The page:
Quote Originally Posted by pellicle View Post
... I was surprised to find that even that didn't have the densest area being as dense as the element of a light bulb I photographed and developed normally. I'm sure that there is some substantial difference between the snow and the filament brightness. ... I wish I could compare numbers with people as I find that easier to reconcile with.
Some random thoughts:

I'm not sure I'd use the image of a light bulb filament as an absolute standard for evaluating negatives. I presume you processed that too.

Similarly, I'm not sure a snowy scene is the best for getting the hang of a "normal" developing time, etc. A scene composed of really dark and really bright elements and probably a rather extreme contrast may lead you astray. A set up with a full range of mid tones as well as a modest representation at the extremes would be the easiest starter.

I think that comparing numbers with someone else is less useful than what you are doing now; doing prints and finding out where you can improve. The numbers are good for a lab, but won't do the important work of creating a proceedure based upon your results.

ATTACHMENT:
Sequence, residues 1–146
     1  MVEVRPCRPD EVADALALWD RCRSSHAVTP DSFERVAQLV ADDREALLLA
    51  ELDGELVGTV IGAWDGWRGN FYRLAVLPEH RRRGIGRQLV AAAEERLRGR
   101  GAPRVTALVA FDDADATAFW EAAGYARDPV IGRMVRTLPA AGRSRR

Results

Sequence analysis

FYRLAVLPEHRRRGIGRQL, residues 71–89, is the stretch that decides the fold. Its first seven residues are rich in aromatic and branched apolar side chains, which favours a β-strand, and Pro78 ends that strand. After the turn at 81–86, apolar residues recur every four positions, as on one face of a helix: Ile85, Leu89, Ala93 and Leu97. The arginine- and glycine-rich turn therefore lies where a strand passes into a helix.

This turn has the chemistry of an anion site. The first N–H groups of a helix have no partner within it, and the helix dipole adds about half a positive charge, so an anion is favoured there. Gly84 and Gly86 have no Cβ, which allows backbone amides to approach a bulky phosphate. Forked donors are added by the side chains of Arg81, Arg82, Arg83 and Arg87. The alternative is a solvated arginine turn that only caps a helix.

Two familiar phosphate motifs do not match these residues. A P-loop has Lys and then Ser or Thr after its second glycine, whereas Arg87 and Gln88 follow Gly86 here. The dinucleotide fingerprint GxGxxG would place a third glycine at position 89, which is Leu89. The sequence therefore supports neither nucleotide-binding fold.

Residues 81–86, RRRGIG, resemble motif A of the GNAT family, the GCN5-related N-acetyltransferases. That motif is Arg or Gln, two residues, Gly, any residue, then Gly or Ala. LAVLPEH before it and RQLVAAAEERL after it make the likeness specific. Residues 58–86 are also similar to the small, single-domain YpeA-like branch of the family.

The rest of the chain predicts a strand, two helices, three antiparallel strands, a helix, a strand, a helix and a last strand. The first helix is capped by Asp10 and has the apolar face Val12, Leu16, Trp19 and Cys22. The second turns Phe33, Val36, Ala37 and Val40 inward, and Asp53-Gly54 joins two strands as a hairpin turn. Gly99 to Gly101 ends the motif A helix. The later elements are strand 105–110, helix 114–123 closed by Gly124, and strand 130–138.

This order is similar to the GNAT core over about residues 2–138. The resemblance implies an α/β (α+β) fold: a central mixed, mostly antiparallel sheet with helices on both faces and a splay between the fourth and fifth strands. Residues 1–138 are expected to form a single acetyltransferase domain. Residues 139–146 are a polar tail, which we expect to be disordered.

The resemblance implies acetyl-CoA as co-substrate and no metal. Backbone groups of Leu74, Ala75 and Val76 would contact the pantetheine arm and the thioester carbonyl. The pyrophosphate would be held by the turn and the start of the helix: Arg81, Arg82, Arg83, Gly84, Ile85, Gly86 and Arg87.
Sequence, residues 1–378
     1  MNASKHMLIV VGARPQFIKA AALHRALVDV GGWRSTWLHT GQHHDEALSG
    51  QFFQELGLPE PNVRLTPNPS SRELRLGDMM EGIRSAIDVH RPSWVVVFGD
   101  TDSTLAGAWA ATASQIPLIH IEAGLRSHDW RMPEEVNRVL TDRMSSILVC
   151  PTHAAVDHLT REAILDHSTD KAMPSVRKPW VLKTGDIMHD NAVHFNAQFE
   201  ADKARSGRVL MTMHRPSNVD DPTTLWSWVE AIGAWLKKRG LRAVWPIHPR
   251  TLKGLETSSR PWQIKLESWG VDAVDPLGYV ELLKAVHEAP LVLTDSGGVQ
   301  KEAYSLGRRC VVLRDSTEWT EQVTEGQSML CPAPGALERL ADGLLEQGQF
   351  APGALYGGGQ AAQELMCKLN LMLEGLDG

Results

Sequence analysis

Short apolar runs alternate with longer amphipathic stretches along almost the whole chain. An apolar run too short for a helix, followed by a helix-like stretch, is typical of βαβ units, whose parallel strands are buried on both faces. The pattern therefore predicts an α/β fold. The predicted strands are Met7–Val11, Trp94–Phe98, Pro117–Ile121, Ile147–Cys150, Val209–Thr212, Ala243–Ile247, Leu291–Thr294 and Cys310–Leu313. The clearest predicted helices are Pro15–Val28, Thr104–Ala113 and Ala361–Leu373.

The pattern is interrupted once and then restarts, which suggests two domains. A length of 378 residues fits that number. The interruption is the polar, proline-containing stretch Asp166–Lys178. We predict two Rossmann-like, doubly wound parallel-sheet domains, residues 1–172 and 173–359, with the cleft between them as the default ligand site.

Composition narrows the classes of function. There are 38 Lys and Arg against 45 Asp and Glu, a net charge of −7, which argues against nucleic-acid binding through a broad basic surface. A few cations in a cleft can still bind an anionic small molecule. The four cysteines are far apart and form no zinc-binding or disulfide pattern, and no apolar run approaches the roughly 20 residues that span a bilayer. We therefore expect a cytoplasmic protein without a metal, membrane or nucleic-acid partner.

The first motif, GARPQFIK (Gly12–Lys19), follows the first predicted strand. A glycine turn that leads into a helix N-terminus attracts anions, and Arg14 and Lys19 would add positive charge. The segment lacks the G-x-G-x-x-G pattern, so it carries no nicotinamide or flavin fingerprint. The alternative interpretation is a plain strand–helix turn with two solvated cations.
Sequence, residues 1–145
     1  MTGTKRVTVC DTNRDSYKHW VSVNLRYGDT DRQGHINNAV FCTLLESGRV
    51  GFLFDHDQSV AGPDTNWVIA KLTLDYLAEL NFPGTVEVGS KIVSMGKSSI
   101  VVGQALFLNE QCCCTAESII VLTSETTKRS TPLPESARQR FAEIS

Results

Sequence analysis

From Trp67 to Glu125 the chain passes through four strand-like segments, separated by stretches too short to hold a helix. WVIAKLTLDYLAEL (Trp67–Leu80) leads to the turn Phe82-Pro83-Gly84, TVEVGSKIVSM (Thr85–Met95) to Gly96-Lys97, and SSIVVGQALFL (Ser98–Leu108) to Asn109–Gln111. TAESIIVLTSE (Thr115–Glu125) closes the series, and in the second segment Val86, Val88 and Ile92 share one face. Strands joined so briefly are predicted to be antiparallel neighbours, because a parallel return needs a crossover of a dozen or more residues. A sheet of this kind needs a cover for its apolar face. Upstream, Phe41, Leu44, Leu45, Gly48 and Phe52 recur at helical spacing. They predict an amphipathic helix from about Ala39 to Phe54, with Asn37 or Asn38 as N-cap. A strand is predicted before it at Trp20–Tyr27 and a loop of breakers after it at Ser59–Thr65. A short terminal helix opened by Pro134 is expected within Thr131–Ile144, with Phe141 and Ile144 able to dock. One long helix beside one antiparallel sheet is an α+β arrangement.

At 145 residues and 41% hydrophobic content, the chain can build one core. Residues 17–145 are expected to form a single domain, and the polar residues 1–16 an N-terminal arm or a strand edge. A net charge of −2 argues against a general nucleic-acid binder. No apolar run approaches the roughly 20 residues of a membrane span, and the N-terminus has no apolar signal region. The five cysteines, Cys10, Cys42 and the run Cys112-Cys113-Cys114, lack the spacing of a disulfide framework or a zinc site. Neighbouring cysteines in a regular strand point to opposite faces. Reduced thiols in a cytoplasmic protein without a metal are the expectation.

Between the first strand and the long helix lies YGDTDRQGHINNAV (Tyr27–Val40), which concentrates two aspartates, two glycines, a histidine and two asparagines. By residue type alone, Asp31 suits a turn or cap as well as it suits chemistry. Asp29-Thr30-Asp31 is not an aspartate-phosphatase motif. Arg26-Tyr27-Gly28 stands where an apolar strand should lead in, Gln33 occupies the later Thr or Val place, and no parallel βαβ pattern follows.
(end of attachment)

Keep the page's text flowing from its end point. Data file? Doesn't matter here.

Quote Originally Posted by pellicle View Post
... I developed sheets in 3min 6 min and 12 min (where N = 6 min for the temperature I was using) ...
Great start - the idea of geometic jumps in developing times as a test series is exactly the way to do it. When you are more zeroed in on a time, you can do jumps at a smaller increment of time. Use the FStop series as a basis. Half stop or third stop series and you will find you can fine tune film development. I keep a set of those numbers handy for all sorts of uses. I calculated them wayyy out into the thousands for just such tasks as yours.

Given that you needed grade 4 to get a good print, maybe you need to push your film developing time further to build enough contrast so it works better on grade 2 or 3.

Best,

C